The owners of a “sober living” facility cited by Nether Providence Township for a zoning violation are appealing the action in federal court. In a lawsuit filed in U.S. District Court for the Eastern District of Pennsylvania, Dung Lau of Haverford and Providence Recovery House LLC take aim at a decision issued last May 15 by Nether Providence’s zoning board. They accuse the township of “discrimination in zoning on the basis of handicap or disability,” and seek a declaratory judgment, permanent injunctive relief and damages. The suit asserts the township has “threatened to deprive the disabled current and prospective residents of needed housing opportunities.” The board, after a hearing that involved five evening sessions and many hours of testimony, voted unanimously to deny the facility owners’ appeal after a violation stemming from running the property in a residential area. The board also rejected the owners’ request to be granted a “reasonable accommodation” under the federal Fair Housing Act to continue operations. That law was designed to ensure municipalities do not arbitrarily exclude such treatment facilities. Neighbors of the facility had complained that they were unaware it had begun operations and did not believe it was appropriate use for a home located in a residential neighborhood. The zoning board raised “serious credibility issues” with Lau’s testimony, including his statement that he filled out mortgage documents indicating the home would be used as his residence. Lau testified that he supervises activities at the site but does not live there. Concerns about the site increased after a resident died of a heroin overdose in 2015. Source: Daily Times; 10/20/2017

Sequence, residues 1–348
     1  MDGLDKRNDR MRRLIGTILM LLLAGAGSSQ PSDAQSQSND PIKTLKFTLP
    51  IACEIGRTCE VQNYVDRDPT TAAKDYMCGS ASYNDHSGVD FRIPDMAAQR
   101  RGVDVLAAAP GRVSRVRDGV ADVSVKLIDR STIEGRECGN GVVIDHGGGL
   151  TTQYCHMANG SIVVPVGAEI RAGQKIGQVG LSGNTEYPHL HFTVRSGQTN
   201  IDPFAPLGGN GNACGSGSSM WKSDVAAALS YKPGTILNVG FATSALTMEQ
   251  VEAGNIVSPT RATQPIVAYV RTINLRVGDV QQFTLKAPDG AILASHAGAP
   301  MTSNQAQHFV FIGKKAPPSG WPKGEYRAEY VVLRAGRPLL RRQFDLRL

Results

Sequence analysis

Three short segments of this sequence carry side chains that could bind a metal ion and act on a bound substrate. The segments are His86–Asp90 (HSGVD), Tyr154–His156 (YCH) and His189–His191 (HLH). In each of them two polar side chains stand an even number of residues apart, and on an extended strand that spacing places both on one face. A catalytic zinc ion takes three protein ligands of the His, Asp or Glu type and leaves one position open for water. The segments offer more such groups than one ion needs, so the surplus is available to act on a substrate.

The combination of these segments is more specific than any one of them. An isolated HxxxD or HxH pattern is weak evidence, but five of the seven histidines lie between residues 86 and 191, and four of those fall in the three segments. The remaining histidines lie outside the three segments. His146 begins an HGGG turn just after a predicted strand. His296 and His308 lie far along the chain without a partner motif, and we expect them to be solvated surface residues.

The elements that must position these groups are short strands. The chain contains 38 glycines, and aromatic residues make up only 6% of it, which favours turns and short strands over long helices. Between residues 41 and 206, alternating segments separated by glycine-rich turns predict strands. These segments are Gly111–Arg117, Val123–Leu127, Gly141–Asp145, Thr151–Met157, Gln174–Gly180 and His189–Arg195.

Morton gives tax break to emergency service volunteers
Morton Borough Council will now offer a tax credit to volunteer firefighters and nonprofit emergency medical services volunteers. The new Volunteer Tax Credit Ordinance provides a 20 percent real estate property tax credit to Morton residents only, even though the fire company covers both Morton and Rutledge as a result of the merger of the two companies almost 10 years ago. Rutledge Borough Council President Dave Waltz said his borough’s council will probably pass an ordinance similar to Morton’s, with certain conditions. Morton’s ordinance follows state Act 172 of 2016, which authorized boroughs to adopt regulations to grant tax credits on real estate taxes to residents who actively volunteer for fire departments and emergency medical service agencies. At a public hearing on the ordinance, Council President Mario Cimino spoke of the problem fire companies have in recruiting members and the difficulties companies face in getting volunteers to respond to alarms during the daytime. The loss of tax revenue because of the tax credit program is estimated to be $5,000 by Borough Manager Bob Poole. The annual criteria to qualify for credits under the program is based on the number of emergency response calls to which a volunteer responds, the level of participation in formal training and drills for a volunteer, and the total amount of time expended by a volunteer on administrative and other support services, such as fundraising. The ordinance provides for the chief of each volunteer fire company or the supervisor of the nonprofit emergency medical service agency to keep specific records of each volunteer’s activities in a service log to establish credits under the Volunteer Service Credit Program.